of the Center for Children's Books:
Each month we offer a focus on a particular author or artist. Sometimes we use this space to discuss a rising new talent or an established star, but we also like to celebrate those who now live on only in the rich legacy of their books. See the archive for focus pieces from previous months.
Rising Star - Sy Montgomery
Sy Montgomery's enthusiastic and skilled nonfiction work first came to the attention of the Bulletin with The Snake Scientist, a look at the work of zoologist Bob Mason, who studies, among other subjects, the red-sided garter snakes that inundate Manitoba. Since then, she's demonstrated herself to be an author who combines personal involvement with lively writing, making her a splendid contributor to natural science for young people.
It's that enthusiasm that's really the key to Montgomery's work, whether it's finding people who are themselves passionate about the natural world and have devoted themselves to its study, or in exploring that world herself. The Snake Scientist tackles with glee the titular job, describing the work of student assistants as they capture snakes in pillowcases, while The Tarantula Scientist tramps through the Spider Lab with the same breathless anticipation given to the arachnologist's tramps through French Guiana. Montgomery is also herself an intrepid explorer of the natural world, with many of her books, for adults as well as for young readers, chronicling her adventures in search of various unusual animals, yet she presents her own contributions to expeditions with self-deprecating humor (her greatest contribution on the Southeast Asia trip was a deft wielding of eyebrow tweezers) and always exudes respect for and fascination with the technical knowledge of the scientists and guides with whom she travels.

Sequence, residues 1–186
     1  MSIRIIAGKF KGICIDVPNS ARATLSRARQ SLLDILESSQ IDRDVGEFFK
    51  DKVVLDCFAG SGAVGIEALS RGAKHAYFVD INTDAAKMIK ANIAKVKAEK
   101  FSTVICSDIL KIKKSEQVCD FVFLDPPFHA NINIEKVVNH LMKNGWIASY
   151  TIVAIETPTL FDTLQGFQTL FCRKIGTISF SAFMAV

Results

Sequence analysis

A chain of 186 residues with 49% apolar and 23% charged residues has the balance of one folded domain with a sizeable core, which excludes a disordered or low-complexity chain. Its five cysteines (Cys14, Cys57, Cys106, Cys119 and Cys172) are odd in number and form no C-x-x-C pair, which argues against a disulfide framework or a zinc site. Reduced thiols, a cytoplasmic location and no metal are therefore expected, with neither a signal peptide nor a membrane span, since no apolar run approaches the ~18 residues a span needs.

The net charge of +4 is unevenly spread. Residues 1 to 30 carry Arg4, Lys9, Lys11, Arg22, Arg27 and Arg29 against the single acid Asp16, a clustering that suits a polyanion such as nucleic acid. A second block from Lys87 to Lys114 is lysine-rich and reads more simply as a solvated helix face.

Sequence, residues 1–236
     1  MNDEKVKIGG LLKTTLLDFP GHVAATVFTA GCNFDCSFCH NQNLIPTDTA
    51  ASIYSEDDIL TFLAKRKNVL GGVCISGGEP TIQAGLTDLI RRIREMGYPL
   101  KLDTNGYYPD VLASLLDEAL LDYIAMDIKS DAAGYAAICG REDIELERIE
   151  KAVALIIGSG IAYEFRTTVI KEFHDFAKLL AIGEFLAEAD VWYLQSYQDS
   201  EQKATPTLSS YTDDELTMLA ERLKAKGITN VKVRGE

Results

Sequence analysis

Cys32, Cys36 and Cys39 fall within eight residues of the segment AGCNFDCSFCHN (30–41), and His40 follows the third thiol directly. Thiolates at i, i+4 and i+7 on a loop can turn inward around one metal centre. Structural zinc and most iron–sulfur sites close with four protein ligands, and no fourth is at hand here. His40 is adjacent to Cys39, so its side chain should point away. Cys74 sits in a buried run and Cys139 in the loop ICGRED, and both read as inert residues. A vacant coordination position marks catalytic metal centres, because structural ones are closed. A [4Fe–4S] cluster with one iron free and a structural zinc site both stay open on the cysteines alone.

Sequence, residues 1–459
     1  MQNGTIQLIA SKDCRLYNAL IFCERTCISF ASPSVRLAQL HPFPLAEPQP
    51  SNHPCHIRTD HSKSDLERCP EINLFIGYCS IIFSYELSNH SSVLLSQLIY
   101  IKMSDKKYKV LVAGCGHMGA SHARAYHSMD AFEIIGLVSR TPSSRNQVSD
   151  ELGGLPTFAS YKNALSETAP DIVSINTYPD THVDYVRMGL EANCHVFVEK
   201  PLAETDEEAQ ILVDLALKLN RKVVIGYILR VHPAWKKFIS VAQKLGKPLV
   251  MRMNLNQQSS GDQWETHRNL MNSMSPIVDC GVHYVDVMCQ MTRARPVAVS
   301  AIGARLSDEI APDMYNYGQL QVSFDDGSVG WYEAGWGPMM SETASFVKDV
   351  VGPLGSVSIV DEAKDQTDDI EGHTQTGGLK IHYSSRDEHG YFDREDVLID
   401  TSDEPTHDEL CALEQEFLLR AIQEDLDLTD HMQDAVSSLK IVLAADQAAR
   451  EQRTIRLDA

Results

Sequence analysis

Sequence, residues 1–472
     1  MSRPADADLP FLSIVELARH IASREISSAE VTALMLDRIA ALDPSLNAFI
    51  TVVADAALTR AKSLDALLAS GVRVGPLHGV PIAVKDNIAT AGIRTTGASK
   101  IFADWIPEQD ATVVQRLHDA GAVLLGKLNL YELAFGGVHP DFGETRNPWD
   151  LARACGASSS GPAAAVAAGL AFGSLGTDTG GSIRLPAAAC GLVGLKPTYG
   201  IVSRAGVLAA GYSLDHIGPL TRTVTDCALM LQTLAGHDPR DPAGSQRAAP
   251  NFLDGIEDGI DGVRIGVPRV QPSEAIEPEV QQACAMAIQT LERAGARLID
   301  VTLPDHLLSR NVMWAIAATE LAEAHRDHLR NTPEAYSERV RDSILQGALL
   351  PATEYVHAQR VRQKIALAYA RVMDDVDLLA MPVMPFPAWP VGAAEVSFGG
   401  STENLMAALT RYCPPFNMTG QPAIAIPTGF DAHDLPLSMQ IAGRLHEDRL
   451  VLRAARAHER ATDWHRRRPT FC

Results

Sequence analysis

Though she takes some of her own photographs, she's a frequent partner of photographer Nic Bishop, also lauded as a Rising Star on this site and also a keen observer of the natural world; her words match his visual eloquence in conveying the wonder of the various places in the world they're exploring, as with their travel through New Guinea in Quest for the Tree Kangaroo. It's that on-the-spot exuberance that makes her excitement so contagious—basically, she's put her money where her mouth is. The traditional adage for fiction is "show, don't tell"; Montgomery manages to take that rule into nonfiction, inviting readers along as she or her subject scientists embark on zoological adventure, all the while exuding a passionate curiosity about the natural world. The result is an oeuvre that will appeal to armchair travelers who'd love to find exotic animals in distant locales and bolster the confidence of backyard naturalists defending their right to observe the local creepy-crawlies.
—Deborah Stevenson, Editor